There's nothing people like more than talking about how busy they are. Between work, family, work, friends, and work, it's all too common for people to complain that they just don't have time for pursuits like drawing or journaling or whipping up a meal. But a 2016 study published in the Journal of Positive Psychology found that we'd do well to make the time. According to the study, engaging in just one creative activity each day can increase your overall well-being, making you more likely to feel "energetic, enthusiastic, [and] excited."
At this point you might be thinking, "But I'm not a creative person, so I guess I'm just doomed to an unhappy life." Not so fast. According to the researchers' definition, "Creativity includes coming up with novel or original ideas; expressing oneself in an original and useful way; or spending time doing artistic activities (art, music, painting, writing, etc)." That's a pretty wide-ranging definition. A press release about the study explained that "the most common examples reported were songwriting; creative writing (poetry, short fiction); knitting and crochet; making new recipes; painting, drawing, and sketching; graphic and digital design; and musical performance."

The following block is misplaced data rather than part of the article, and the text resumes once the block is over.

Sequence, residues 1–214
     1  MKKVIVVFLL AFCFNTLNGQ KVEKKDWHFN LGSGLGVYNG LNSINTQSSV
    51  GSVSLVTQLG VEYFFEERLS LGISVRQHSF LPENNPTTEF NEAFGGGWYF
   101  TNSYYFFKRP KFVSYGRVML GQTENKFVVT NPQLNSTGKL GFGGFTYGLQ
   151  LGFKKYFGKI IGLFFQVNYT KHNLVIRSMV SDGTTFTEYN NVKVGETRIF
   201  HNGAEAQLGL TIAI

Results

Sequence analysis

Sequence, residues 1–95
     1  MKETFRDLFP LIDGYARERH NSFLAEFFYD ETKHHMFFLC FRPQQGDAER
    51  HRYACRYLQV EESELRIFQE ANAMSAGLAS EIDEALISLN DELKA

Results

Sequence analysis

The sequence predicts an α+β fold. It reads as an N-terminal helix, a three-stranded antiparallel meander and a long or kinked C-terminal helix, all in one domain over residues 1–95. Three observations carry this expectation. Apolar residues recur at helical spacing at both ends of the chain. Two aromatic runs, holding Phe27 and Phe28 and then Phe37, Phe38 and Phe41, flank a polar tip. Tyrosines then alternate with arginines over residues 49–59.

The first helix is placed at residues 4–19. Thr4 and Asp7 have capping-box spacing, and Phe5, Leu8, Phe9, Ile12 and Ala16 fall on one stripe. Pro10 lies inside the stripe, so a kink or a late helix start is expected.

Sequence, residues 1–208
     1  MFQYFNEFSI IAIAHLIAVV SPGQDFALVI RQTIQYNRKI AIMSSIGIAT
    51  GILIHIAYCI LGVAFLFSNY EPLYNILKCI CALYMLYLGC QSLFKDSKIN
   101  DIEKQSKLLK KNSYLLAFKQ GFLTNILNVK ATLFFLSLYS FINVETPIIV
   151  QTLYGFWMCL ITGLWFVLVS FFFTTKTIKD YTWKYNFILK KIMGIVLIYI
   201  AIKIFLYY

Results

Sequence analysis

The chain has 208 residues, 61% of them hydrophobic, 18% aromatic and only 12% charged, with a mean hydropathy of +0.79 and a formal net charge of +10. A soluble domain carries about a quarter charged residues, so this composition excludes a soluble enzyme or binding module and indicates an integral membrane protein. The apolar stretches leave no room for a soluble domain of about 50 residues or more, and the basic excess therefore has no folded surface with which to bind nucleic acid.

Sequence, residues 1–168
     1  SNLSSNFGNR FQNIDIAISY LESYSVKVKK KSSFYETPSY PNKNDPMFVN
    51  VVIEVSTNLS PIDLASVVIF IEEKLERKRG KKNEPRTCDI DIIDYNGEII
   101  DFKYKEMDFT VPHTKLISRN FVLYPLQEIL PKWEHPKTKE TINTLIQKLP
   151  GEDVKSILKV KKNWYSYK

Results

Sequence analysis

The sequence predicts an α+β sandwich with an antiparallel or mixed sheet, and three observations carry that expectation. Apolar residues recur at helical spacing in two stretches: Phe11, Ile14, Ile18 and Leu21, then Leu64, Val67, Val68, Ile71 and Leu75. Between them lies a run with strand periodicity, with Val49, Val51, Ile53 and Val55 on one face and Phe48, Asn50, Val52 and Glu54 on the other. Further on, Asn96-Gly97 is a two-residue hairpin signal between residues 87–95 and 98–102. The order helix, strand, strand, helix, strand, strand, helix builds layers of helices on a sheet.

Those who engaged in these activities didn't just feel better in the moment; they were happier the next day. Ultimately, the researchers found that being creative launches "a particular kind of upward spiral for well-being and creativity: engaging in creative behavior leads to increases in well-being the next day, and this increased well-being is likely to facilitate creative activity on the same day."